The Surinamese dollar (ISO 4217 code SRD) has been the currency of Suriname since 2004. It is normally abbreviated with the dollar sign $, or alternatively Sr$ to distinguish it from other dollar-denominated currencies. It is divided into 100 cents.
The dollar replaced the Surinamese guilder on 1 January 2004, with one dollar equal to 1,000 guilders. Initially, only coins were available, with banknotes delayed until mid-February, reportedly due to a problem at the printer, the Canadian Bank Note Company.
The old coins denominated in cents (i.e. 1⁄100 guilder) were declared to be worth their face value in the new cents, negating the necessity of producing new coins. Thus, for example, an old 25-cent coin, previously worth 1⁄4 guilder, was now worth 1⁄4 dollar (equivalent to 250 guilders). The rebasing of coins explicitly did not apply to commemorative coins.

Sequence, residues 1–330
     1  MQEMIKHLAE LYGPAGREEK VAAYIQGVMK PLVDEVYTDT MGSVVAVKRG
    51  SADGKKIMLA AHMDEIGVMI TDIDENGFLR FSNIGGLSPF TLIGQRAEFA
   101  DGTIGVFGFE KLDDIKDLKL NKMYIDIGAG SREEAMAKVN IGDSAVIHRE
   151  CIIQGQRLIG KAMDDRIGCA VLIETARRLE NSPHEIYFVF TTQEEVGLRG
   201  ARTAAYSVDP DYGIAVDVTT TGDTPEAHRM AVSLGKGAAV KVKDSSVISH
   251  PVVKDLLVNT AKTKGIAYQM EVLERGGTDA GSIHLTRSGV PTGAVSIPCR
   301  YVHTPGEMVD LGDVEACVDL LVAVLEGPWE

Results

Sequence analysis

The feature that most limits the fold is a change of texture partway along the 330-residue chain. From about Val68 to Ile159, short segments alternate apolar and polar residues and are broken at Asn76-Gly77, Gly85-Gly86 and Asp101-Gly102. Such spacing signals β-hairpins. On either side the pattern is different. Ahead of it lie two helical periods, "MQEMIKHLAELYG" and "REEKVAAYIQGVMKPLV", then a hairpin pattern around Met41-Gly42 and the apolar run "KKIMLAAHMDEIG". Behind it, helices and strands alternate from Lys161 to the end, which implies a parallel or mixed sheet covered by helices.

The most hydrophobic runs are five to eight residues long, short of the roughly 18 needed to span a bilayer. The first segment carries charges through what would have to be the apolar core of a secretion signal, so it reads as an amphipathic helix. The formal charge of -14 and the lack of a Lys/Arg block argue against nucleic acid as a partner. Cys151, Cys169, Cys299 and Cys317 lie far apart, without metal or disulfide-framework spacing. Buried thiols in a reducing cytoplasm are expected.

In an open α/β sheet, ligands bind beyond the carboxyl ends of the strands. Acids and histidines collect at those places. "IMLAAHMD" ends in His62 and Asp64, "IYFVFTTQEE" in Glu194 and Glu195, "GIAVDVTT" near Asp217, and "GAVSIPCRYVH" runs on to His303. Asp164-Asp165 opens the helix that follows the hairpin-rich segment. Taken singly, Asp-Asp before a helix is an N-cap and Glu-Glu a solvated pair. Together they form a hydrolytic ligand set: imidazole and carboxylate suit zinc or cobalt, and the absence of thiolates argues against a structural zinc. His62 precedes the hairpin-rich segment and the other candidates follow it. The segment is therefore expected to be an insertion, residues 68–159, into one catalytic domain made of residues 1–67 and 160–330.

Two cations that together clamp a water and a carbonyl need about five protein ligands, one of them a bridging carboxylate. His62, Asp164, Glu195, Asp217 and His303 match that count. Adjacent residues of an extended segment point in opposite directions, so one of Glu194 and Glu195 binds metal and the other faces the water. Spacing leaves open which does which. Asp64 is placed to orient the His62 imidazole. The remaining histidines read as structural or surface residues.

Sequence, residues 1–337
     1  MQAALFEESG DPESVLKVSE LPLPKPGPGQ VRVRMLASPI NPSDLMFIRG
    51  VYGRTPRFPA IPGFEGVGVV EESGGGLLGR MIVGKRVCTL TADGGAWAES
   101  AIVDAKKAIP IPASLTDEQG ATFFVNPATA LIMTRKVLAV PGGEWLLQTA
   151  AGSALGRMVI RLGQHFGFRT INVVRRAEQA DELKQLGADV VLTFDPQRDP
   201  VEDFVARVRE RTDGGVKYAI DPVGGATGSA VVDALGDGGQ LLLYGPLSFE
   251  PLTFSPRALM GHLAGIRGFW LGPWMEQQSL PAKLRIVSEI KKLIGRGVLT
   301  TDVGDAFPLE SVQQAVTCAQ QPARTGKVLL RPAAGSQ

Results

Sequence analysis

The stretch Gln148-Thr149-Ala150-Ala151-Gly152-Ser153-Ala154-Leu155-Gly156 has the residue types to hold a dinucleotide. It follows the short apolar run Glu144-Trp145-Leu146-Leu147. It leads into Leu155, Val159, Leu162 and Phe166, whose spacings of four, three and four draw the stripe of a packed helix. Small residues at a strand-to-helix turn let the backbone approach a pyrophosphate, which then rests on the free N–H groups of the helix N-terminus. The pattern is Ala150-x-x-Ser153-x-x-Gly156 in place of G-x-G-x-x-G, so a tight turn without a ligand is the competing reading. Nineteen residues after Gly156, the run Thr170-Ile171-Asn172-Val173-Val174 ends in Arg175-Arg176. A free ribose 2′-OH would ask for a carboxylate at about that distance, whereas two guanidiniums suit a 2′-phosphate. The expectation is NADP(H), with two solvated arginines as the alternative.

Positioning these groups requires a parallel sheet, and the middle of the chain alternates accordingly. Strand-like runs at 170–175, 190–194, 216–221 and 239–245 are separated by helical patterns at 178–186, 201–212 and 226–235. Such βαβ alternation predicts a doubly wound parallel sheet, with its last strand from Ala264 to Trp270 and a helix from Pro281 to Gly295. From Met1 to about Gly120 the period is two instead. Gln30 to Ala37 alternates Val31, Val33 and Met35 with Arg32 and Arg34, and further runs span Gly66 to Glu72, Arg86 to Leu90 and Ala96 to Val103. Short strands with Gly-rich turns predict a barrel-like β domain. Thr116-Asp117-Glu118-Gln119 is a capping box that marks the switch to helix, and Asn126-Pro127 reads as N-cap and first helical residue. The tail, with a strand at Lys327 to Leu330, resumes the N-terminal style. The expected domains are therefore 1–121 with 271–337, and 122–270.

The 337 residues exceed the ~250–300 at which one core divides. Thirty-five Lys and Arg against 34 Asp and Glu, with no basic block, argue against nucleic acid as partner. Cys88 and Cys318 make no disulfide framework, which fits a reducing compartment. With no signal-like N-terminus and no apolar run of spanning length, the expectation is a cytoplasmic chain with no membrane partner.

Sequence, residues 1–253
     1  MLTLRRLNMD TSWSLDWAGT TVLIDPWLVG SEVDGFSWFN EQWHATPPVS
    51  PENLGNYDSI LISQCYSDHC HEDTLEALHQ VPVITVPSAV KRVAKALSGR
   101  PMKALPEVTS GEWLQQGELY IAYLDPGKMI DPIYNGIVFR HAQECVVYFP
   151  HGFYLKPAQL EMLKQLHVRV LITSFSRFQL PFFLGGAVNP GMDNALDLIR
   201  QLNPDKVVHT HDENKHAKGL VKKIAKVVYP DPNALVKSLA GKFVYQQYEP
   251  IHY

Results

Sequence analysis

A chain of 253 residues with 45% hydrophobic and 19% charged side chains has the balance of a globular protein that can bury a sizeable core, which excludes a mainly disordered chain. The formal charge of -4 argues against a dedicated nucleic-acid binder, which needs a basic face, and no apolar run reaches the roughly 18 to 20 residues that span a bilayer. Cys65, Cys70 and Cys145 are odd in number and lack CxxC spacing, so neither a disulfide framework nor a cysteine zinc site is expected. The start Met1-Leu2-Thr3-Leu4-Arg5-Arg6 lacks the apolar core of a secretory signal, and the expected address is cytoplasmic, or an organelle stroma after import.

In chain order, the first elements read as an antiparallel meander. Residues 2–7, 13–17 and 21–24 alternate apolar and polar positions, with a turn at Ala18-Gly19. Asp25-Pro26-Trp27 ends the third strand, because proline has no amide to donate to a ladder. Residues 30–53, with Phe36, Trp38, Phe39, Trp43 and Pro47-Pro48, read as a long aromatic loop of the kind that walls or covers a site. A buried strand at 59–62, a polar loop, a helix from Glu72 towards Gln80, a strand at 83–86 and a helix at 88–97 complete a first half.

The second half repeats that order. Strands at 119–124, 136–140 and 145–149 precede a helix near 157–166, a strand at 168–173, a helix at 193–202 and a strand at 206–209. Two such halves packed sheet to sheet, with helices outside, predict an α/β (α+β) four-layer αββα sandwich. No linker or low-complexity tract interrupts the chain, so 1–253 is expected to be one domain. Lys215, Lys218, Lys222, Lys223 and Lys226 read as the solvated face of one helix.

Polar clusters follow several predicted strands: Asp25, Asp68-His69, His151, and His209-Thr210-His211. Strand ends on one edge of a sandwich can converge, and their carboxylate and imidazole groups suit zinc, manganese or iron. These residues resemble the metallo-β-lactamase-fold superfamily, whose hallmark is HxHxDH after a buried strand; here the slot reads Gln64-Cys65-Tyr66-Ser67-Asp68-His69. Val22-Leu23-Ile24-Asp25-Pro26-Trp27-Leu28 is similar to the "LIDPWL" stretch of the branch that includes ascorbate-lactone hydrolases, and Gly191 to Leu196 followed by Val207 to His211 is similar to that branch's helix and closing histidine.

Amendment 121 of ISO 4217 gave the currency the code SRD replacing the Suriname guilder (SRG).
The people of Suriname often refer to their currency as SRD to differentiate it from the US dollar, which is also used to quote prices for electronic goods, household furnishings and appliances, and automobiles.
In January 2011, the SRD was fixed at 1 USD = 3.25 SRD.
In November 2015, this was changed to a fixed rate of USD = 4.0 SRD and in April 2016 this was further changed.
, 1 Euro is equivalent to 8.54 Surinamese Dollars.
Coins in denominations of 1, 5, 10, 25, 100 and 250 cents from the previous currency are in circulation.
The Surinamese dollar replaced the Surinamese guilder on 1 January 2004, with one dollar equal to 1,000 guilders, prompting the issuance of notes denominated in the new currency. On the notes, the currency is expressed in the singular, as is the Dutch custom.